13. mortarmike

    mortarmike New Member

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    I purchased an Iver Johnson breaktop 38 today. 5 shot. Short cylinder. Used to be nickel but not much left now. Nice little gun but I would even think about firing it until the gunsmith does some work to it. The serial # is 14442. Can anyone tell me about when it was manufactured and any other details you might be aware of? Thanks!
    Mortarmike.
  14. b.goforth

    b.goforth New Member

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    gab,
    your revolver is a large frame second model (1896-1908) 38 caliber safety automatic hammer revolver. your revolver serial number I33667 was manufactured in 1903. the patent date should be of the left side of the barrel and not marked very deep. all second model safety automatic revolvers were manufactured for balck powder cartridge pressures only.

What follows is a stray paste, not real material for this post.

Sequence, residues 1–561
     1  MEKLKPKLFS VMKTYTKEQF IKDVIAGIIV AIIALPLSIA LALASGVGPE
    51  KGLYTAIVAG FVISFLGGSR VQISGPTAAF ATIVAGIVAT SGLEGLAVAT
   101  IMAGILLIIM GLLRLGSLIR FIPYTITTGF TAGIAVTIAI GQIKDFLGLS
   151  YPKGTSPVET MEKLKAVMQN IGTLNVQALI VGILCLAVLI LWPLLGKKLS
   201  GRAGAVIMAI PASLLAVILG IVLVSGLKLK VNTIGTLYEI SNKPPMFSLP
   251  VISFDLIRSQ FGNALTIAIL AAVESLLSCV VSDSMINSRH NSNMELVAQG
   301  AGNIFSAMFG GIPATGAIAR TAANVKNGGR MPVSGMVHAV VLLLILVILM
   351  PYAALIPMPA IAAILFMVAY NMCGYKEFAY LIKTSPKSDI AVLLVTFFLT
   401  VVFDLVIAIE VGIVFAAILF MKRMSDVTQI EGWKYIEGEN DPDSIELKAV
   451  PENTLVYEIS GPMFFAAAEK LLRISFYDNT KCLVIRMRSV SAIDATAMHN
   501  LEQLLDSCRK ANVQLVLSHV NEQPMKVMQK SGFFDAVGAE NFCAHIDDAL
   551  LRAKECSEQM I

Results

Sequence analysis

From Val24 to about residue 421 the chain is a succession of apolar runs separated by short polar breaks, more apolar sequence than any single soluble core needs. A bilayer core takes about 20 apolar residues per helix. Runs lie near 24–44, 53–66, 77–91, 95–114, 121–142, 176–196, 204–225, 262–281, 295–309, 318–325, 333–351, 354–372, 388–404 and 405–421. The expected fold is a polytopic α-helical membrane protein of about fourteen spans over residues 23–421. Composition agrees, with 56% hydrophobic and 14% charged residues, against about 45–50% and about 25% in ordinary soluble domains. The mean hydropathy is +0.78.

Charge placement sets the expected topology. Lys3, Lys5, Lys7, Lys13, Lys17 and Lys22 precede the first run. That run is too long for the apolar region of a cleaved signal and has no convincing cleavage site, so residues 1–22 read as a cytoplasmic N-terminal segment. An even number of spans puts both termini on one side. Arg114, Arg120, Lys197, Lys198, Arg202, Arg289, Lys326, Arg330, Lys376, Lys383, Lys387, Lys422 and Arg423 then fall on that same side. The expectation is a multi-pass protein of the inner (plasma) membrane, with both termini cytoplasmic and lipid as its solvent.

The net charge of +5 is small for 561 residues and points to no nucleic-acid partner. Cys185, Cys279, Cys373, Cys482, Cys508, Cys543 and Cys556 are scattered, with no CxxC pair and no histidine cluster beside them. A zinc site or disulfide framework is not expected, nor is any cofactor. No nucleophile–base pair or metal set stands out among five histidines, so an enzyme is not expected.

bill

    mortarmike,
    for proper identification of your revolver i need the serial number found on the left side of the grip frame (under the grips), the exact top of the barrel markings and any marking on the left side of the barrel and or the bottom of the butt strap. where is the serial number located that you give in your post?
    bill
  15. gab

    gab New Member

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    Thanks Bill, the pat. date is wore off. I think somebody re-blued this gun and the date got sanded off. Do you have any relatives in Alaska by the name of Don?